Sunday, March 4, 2012

Comic Book Culling: Alternatives For Recycling Your Comics

Every headline touting a long-lost comic collection found in grandma's attic is sure to give retailers a slight headache. Whenever genuinely rare comics go for big bucks in auction, phone calls to comic shops from consumers with stacks of worthless comics from the 90's and dollar signs in their eyes are bound to follow. It would be a humorous situation if it wasn't such a time consuming (and frequent) occurrence to explain that no, your Death of Superman is worth less than the bag and board you put it in. Modern comic book readers know better than to believe the prevalent myth that comics are a sound monetary investment. Most fans have come to accept that these are a disposable form of entertainment (if you haven't, the sooner you come to terms with this, the less bitter you'll be later on). Recently I've seen more longtime readers  bringing collections in to sell back to the stores they bought them from, mostly siting concerns for space and wanting store credit to cover their ongoing buying habits. As the industry moves further into the realm of the digital age, it will be interesting to see how the face of comics' retail changes. Several newer stores have foregone the back issue market altogether since modern merchandise tends to sit unsold for long periods of time. For those who are looking to get rid of their overabundance of books, there are plenty of options besides selling comics to local comic shops or throwing them on Ebay. These certainly aren't your only options but they are creative ways to keep your once cherished and sometimes regrettable purchases from becoming landfill fodder.

Binding Your Comics
Image courtesy of Houchen Bindery
Having your comics bound is an exciting way to re-ignite the love you once had for these stories. A custom hardcover of X-Men: Inferno is far more likely to be re-read and shared than when it is hidden away in long boxes. Perhaps not every story deserves this indulgent treatment, but for the books you just can't part ways with, why not keep them around in style? Another added benefit of this service is keeping the original covers, ads, and letters columns in tact (though this is optional). I hope  to see these (and many more) bindery companies start making appearances at comic book conventions.

Houchen Bindery
Houchen is a library certified binder, and the quality of that standard shows in their work. They offer a wide selection of options for comic book binding, and they also provide templates for creating custom covers.

Comic Book Binding
Comic Book Binding is a division of Denver Book Binding and they are comic book fans just like you. They even have instructional videos on how best to prepare your comics for binding.


Crafting With Comics
A clever groomsmen gift from Crafster.org user Najaorama
If you are entirely certain you'll never want to read the stories from your collection again, or don't want to share them with others, then repurposing them for crafty uses may be the way to go. Clever crafters have found countless second lives for their comics including wallets, purses, jewelry and more. The papercraft possibilities are endless! Here are just a few standout re-uses:

Comic Book Party Banner (Friends, take note for my birthday next year)

Comic Book Starburst

Comic Book Necklace Pendant

Comic Book Flasks

Donating Your Comics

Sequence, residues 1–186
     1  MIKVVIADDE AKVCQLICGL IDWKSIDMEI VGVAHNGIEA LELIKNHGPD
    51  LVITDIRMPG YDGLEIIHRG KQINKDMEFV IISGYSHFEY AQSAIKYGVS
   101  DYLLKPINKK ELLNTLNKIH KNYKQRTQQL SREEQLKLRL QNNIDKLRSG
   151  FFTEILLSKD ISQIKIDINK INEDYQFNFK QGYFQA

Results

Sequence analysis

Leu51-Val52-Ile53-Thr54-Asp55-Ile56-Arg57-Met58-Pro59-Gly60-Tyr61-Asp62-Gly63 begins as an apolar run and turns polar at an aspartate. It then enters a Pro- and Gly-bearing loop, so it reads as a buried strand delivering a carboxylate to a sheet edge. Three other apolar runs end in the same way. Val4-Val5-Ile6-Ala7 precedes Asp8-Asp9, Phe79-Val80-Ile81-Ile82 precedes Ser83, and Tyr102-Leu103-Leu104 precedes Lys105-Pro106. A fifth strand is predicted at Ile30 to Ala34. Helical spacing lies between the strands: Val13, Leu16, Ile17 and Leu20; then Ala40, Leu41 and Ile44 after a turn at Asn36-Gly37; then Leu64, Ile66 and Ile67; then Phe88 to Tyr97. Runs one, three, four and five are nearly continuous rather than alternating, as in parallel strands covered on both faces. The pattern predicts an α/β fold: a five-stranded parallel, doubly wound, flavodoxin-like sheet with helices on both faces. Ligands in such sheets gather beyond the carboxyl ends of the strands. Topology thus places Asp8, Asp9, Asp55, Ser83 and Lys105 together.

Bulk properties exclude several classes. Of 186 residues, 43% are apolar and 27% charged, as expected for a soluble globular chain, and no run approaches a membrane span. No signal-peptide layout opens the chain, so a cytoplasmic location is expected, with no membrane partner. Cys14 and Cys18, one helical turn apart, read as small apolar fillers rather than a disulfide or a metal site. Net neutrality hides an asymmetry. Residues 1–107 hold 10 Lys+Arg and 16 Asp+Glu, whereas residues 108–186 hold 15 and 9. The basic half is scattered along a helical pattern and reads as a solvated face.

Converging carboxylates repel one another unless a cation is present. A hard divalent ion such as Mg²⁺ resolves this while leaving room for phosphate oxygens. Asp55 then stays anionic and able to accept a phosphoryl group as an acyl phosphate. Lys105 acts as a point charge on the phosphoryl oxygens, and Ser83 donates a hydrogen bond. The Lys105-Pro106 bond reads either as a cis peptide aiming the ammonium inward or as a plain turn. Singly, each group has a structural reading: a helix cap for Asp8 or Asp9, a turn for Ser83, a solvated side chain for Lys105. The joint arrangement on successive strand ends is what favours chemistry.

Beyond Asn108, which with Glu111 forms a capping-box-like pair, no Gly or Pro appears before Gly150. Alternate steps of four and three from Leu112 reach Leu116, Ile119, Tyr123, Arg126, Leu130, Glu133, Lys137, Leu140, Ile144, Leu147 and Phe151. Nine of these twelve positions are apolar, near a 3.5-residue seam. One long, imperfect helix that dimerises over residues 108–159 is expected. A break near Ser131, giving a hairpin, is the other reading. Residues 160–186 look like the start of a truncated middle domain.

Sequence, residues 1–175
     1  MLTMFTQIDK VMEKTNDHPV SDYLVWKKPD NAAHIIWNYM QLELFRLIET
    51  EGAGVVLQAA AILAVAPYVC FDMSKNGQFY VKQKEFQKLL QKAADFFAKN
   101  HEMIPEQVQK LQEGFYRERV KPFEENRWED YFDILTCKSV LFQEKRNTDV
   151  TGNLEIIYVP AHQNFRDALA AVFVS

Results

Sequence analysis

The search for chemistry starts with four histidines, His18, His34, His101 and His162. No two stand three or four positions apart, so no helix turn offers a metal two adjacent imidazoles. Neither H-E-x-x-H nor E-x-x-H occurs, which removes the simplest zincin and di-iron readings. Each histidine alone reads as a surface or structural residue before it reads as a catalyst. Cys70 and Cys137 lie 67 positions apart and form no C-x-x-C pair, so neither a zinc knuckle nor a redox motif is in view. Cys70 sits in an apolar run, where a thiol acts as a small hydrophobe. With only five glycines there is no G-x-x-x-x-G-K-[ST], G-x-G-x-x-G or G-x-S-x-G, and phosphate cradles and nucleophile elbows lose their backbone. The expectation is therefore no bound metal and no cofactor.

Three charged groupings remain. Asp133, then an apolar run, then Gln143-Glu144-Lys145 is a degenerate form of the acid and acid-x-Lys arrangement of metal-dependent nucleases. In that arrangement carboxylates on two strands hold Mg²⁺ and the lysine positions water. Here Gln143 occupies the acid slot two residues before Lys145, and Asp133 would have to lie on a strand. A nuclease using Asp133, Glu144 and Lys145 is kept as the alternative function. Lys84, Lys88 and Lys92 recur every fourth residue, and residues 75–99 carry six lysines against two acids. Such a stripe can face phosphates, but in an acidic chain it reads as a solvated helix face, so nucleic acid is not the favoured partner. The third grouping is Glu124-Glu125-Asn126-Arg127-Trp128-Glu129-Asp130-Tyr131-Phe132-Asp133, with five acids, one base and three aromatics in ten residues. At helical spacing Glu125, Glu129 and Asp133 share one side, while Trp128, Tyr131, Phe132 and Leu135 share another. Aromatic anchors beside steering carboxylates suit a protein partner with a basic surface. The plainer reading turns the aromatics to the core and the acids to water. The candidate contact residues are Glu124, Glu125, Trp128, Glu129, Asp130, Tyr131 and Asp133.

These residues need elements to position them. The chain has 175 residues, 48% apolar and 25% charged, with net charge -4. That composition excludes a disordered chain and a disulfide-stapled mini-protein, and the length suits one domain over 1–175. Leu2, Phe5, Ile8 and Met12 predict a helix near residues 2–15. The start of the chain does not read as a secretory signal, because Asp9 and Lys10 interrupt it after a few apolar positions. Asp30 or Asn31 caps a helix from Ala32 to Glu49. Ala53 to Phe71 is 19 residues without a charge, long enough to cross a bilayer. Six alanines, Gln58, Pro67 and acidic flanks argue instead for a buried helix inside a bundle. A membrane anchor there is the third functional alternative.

Whether you are handing your books over to a younger sibling, nephew, or neighbor, whoever the lucky recipient is they are sure to be grateful for the gift. If you don't know any potential readers first-hand there are several organizations that are dedicated to putting your comics to good use, such as Chicago's own Open Books. They will resell your unwanted books and use the profits from the sale to support literacy programs. Even Challengers Comics has partnered with this wonderful organization - you can leave your books with this local comic shop and they'll drop them off for you. The added benefit of going through an organization like Open Books yourself is that the donations are tax deductible. If you cannot find a local organization or don't want to pay to have your books shipped to a donor,  Salvation Army and Goodwill are always willing to take your comics. However, at a second-hand store your comics are just as likely to be bought by a misguided individual hoping to find a collectible as they are an actual comic book reader. A few more charitable organizations that will accept donated comics:

Comic Book Connection Initiative

ComicEd

Comics For Heroes

Keep in mind, the organizations that give books directly to children will only want your comics that are age appropriate for young readers. Many local libraries have "Friends of the Library" chapters that are happy to take graphic novels off of your hands as well, and that's a good option for books with content that is not all-ages friendly. Another alternative for donating your comics with adult content is to give them to troops  serving overseas. In particular, sending your more recent purchases is a great way to give active duty comic book fans a taste of home. An event comic may be in your distant memory, but for a fan serving overseas it could be a highly anticipated read as they wait months between visiting a comic book store.

Operation Gratitude

Operation Comix Relief

Operation Paperback

These are just a few of the many organizations willing to take your donated comic books, and most metropolitan areas have similar active groups. Simply search for "donating comic books" and your city or state and you're bound to find many more local charities. Even if it takes a little extra effort to donate your books, your comics will have an immediate purpose through a charity rather than sitting unsold in the shrinking secondary market.

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